But the biggest problem is precisely in the concept. As I said before, many people don't understand how an epidemic mechanism works and truly believe that an epidemic grows exponentially until everyone is infected. And, consequently, they are convinced that if we see that the contagion curve decreases, this is due solely and only to the restrictions. You find it explicitly written, sometimes: "the Rt factor measures the effect of the containment measures". But this is absolutely not the case!

Not that there is no way to slow down an ongoing epidemic! Vaccines, for example, force the achievement of immunity in individuals and cause herd immunity to be achieved more quickly. But if you see the epidemic waning or rising, you don't necessarily have to relate it to restrictions or vaccines alone. The epidemic has its own cycle, you can slow it down, but you have to take that into account.

Unfortunately, the debate has arrived at the conclusion that the only thing (aside from vaccines) that can stop the epidemic are restrictions. And the restrictions have a huge cost not only on the economy but also on the health of citizens. But until we think about it we will continue to insist on measures that may be exaggerated and not justified in comparison to the costs.

In essence, the problem is that many people, even among policymakers, cannot read a Cartesian graph and have no idea how an epidemic cycle works. So, they tend to rely on a single magic number, "Rt" for simplicity. But the situation does not lend itself to extreme simplifications and, as always, ignorance pays only negative dividends.






Monday, May 10, 2021

Memes that Kill: Witch Burning and Other Extraordinary Popular Delusions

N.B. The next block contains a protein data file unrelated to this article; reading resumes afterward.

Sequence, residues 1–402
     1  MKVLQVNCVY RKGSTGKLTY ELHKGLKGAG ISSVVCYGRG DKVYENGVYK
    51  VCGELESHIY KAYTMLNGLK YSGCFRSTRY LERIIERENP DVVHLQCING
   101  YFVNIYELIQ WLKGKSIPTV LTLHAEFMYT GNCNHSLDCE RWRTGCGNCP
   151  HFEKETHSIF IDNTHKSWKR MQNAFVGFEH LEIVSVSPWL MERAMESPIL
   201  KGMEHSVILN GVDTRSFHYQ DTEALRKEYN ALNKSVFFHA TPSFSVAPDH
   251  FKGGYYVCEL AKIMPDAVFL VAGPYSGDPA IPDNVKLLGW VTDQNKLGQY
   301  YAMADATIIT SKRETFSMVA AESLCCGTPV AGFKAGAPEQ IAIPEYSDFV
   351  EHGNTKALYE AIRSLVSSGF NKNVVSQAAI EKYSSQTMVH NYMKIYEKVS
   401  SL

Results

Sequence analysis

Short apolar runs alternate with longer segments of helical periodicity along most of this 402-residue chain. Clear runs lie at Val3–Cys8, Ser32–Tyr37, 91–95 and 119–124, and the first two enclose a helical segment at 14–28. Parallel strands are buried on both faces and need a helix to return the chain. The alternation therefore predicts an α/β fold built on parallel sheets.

A modern interpretation of Anna Göldi, executed in 1782 for witchcraft in Glarus, Switzerland. She is said to have been the last witch killed in Europe, at least as the result of a formal trial. The story of the great witch hunts of the 16th and 17th centuries remains a mystery in many respects. What caused this folly to take hold of the minds of the Europeans? And what caused that folly to abate? It turns out that evil has a natural cycle of growth and decline. It is possible to accelerate the decline of a killer meme if good people get together in rejecting it.

In 1841, Charles MacKay published his "Extraordinary Popular Delusions and the Madness of the Crowds." It was a milestone: the first study in the field that today we call memetics, a term coined by Richard Dawkins for how ideas ("memes") spread in the collective human consciousness. MacKay was perhaps the first to state publicly that the great witch hunts of the late 16th and early 17th centuries were a form of collective madness. Not even Voltaire (1694-1778) had touched on that subject, despite his criticism of all kinds of religious superstitions